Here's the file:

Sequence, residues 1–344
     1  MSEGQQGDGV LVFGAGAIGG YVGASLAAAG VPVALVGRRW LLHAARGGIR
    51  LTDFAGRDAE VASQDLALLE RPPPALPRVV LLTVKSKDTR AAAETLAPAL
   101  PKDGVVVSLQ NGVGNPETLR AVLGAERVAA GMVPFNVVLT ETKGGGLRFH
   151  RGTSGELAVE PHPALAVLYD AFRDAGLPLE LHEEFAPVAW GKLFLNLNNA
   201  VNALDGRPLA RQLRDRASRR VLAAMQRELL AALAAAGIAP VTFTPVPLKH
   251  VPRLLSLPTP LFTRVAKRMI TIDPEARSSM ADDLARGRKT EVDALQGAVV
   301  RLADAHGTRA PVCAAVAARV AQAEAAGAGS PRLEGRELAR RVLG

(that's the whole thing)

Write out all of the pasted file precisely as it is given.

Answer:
Sequence, residues 1–344
     1  MSEGQQGDGV LVFGAGAIGG YVGASLAAAG VPVALVGRRW LLHAARGGIR
    51  LTDFAGRDAE VASQDLALLE RPPPALPRVV LLTVKSKDTR AAAETLAPAL
   101  PKDGVVVSLQ NGVGNPETLR AVLGAERVAA GMVPFNVVLT ETKGGGLRFH
   151  RGTSGELAVE PHPALAVLYD AFRDAGLPLE LHEEFAPVAW GKLFLNLNNA
   201  VNALDGRPLA RQLRDRASRR VLAAMQRELL AALAAAGIAP VTFTPVPLKH
   251  VPRLLSLPTP LFTRVAKRMI TIDPEARSSM ADDLARGRKT EVDALQGAVV
   301  RLADAHGTRA PVCAAVAARV AQAEAAGAGS PRLEGRELAR RVLG